“A strong local and individual feeling in the neighborhood of Antietam and other parts of Maryland, naturally engendered by the invasion, may have erected some indifference in regard to the Confederate dead, and an indisposition to see them buried side by side with those who died in defense of our nationality. But it is confidently believed no such feeling pervades the breasts of the American people, or the surviving officers and soldiers of the Union Army.


    When we recall the generosity and moderation that marked the conduct of the people, the Government, and the army during the war, and the magnanimity that presided at its close; when we remember that our countrymen are now engaged in the work of reconstructing the Union on the basis of universal freedom, and with an earnest desire to restore the Southern States a prosperity infinitely greater than that which slavery and rebellion conspired to destroy. It is impossible to believe that they would desire to make an invidious distinction against the mouldering remains of the Confederate dead, or that they would disapprove of their being carefully gathered from the spots where they fell and laid to rest in the National Cemetery, on the battlefield of Antietam.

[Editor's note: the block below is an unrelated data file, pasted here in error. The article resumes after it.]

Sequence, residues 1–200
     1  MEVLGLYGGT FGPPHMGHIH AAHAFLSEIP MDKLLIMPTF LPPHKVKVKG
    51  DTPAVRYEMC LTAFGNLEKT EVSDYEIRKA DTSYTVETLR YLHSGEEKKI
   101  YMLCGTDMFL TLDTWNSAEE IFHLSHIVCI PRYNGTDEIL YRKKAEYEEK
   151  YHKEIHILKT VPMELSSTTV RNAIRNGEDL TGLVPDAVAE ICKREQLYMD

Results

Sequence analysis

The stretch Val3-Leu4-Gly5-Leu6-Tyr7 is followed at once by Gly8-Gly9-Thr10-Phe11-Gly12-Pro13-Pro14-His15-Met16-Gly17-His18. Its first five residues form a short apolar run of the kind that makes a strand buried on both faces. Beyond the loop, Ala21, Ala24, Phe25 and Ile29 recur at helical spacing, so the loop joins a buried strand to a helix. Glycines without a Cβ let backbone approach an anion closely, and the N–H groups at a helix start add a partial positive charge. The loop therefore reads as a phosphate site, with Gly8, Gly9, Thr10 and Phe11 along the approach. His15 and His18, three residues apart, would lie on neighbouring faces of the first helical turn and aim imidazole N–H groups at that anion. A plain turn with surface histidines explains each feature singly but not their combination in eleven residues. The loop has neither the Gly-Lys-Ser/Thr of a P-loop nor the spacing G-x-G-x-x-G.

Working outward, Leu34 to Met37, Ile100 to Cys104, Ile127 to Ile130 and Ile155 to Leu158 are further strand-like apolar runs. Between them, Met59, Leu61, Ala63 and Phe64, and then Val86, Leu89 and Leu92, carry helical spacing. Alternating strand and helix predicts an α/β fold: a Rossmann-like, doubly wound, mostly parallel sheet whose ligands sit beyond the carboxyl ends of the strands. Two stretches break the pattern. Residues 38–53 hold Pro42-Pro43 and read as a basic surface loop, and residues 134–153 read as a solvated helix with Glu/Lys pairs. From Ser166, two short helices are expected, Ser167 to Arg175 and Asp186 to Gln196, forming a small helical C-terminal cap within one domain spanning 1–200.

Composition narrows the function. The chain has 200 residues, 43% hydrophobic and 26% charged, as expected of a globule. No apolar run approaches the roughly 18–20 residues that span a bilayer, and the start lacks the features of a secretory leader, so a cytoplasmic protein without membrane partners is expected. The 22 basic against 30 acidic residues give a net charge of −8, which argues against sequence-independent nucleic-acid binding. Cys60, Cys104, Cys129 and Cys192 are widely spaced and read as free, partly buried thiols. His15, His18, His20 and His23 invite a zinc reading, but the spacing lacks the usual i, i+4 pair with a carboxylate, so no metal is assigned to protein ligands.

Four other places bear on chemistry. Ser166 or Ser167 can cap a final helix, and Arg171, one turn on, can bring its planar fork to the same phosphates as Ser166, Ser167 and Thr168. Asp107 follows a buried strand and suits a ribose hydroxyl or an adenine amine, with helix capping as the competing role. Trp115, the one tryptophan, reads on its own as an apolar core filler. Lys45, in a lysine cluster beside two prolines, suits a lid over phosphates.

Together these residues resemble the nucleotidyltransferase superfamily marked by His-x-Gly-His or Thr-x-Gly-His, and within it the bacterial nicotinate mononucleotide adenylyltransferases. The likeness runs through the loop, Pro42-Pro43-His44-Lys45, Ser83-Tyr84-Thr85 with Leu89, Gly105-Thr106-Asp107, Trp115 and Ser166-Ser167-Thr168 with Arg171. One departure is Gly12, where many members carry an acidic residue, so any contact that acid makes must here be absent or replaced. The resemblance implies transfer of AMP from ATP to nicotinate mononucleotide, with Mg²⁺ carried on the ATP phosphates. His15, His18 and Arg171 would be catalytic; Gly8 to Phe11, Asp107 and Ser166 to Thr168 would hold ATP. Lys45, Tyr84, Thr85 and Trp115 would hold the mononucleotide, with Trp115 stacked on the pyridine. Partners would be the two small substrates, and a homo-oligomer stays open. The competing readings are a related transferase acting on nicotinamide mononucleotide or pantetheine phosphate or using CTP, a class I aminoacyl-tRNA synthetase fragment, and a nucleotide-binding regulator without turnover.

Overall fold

Conquerors as we were in that great struggle, our stern disapproval of the cause in which they fought need not forbid our admiration of the bravery with which they died. They were Americans, misguided, indeed, and misled, but still our countrymen and we cannot remember them now either with enmity or unkindness.”


    I have read these paragraphs twice and thrice, but a dimness, other than the film of age, obscures them to my vision. It is in vain that I have wiped the spectacles of an old man, and endeavored deliberately and clearly to see in your words a justification for the recommendation they make. Two forms come between me and the printed page.